Beth Abott, Plaintiff–Appellant, v. The City of New York, Defendant–Respondent.

Reset A A Font size: Print

Supreme Court, Appellate Division, First Department, New York.

Beth Abott, Plaintiff–Appellant, v. The City of New York, Defendant–Respondent.

1174 0

Decided: February 18, 2014

Sweeny, J.P., Renwick, Moskowitz, Richter, Gische, JJ. Morelli Alters Rater, P.C., New York (Adam E. Deutsch of counsel), for appellant. Michael A. Cardozo, Corporation Counsel, New York (Dona B. Morris of counsel), for respondent.


Judgment, Supreme Court, New York County (Carol E. Huff, J.), entered January 8, 2013, dismissing the complaint, unanimously affirmed, without costs.

The court properly directed a verdict for defendant City, as there was no rational process that would lead the trier of fact to find for plaintiff, who was injured after stepping into a pothole (see generally Szczerbiak v. Pilat, 90 N.Y.2d 553, 556 [1997] ).   The Pothole Law's written notice requirement (Administrative Code of City of N.Y. § 7–201[c][2] ) contains a “written acknowledgement” provision which permits a lawsuit “where there is documentary evidence showing, as clearly as written notice to DOT would show, that the City knew of the hazard and had an opportunity to remedy it” (Bruni v. City of New York, 2 NY3d 319, 326 [2004] ).   However, repair orders or reports, reflecting only that pothole repairs had been made to the subject area more than a year before the accident, are insufficient to constitute prior written notice of the defect that allegedly caused a plaintiff's injuries (see Khemraj v. City of New York, 37 AD3d 419, 420, [2d Dept 2007];  see also Walker v. City of New York, 34 AD3d 226 [1st Dept 2006] ).   Here, the record demonstrates that plaintiff presented no evidence or testimony which contradicted the City's documentation showing that the subject defect had been repaired, closed, and made safe, more than a year prior to the accident (see Khemraj at 420).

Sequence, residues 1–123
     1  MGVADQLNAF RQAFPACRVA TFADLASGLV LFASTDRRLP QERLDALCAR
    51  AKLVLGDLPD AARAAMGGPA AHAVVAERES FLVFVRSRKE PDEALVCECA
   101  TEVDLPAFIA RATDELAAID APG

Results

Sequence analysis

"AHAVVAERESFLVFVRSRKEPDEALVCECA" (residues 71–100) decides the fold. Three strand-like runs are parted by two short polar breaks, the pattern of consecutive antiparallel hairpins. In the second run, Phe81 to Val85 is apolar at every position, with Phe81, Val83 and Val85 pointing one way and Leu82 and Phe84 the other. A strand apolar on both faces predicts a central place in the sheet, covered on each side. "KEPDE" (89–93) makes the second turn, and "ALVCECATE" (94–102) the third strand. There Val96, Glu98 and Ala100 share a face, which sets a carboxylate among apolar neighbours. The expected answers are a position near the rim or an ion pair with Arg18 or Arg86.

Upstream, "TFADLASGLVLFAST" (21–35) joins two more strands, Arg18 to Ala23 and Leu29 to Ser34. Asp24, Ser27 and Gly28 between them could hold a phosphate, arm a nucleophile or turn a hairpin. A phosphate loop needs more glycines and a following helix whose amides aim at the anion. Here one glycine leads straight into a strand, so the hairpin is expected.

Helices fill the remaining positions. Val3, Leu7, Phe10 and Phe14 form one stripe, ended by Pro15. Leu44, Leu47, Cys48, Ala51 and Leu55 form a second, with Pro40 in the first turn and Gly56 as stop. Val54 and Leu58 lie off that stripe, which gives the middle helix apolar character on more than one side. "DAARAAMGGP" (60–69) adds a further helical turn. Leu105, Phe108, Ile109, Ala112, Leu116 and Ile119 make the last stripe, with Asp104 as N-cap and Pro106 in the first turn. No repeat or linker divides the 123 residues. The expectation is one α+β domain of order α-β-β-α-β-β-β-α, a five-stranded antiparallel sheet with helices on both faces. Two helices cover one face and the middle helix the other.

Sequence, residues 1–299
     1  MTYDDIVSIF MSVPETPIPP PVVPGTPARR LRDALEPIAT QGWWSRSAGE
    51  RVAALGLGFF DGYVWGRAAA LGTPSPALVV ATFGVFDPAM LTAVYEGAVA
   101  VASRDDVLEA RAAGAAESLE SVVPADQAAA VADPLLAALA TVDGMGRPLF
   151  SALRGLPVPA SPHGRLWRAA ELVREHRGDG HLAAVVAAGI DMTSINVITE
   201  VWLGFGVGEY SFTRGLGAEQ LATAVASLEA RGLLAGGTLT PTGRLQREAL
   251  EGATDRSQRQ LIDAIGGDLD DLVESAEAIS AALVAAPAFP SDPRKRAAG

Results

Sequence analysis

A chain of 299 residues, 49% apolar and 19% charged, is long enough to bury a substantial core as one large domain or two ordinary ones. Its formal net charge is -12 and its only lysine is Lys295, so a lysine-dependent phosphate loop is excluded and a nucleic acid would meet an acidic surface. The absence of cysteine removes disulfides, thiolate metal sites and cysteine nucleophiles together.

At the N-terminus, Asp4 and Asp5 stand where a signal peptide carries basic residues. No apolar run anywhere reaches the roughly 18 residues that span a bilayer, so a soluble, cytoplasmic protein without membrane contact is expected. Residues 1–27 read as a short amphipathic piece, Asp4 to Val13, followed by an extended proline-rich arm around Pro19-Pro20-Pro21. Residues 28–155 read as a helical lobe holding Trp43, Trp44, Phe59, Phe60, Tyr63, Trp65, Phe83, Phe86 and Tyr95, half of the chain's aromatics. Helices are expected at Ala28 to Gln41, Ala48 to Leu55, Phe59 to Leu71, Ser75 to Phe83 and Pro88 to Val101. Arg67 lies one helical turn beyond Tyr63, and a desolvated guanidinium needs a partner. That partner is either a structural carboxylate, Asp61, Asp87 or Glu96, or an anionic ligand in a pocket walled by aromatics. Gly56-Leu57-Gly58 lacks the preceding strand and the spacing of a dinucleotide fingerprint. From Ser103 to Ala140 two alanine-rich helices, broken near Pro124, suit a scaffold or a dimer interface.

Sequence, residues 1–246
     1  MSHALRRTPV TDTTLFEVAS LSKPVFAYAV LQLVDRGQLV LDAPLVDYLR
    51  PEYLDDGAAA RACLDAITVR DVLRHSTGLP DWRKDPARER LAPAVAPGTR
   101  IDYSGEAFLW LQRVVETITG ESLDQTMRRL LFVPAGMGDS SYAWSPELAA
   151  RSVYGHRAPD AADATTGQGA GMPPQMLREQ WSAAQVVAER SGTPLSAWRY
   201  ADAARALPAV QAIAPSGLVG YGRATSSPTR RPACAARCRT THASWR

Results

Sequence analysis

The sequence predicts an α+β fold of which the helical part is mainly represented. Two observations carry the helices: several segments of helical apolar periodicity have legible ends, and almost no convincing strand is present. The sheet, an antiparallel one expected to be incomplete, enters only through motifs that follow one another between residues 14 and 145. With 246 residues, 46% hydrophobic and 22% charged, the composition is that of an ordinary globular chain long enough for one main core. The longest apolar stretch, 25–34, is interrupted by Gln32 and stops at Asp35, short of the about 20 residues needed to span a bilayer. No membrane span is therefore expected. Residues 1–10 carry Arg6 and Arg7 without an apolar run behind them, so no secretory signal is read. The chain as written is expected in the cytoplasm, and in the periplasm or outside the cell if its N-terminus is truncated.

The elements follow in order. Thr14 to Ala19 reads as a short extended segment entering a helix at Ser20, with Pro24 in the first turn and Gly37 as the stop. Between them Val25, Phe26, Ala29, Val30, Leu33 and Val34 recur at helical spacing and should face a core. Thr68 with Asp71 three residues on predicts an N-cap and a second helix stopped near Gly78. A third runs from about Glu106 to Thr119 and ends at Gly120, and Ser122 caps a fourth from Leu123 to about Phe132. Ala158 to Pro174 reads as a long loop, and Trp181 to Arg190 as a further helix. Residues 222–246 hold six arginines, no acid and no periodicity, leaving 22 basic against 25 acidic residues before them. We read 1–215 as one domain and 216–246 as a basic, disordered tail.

We have considered plaintiff's remaining contentions, including that the City's failure to honor so-ordered subpoenas warranted the striking of its answer, and find them unavailing.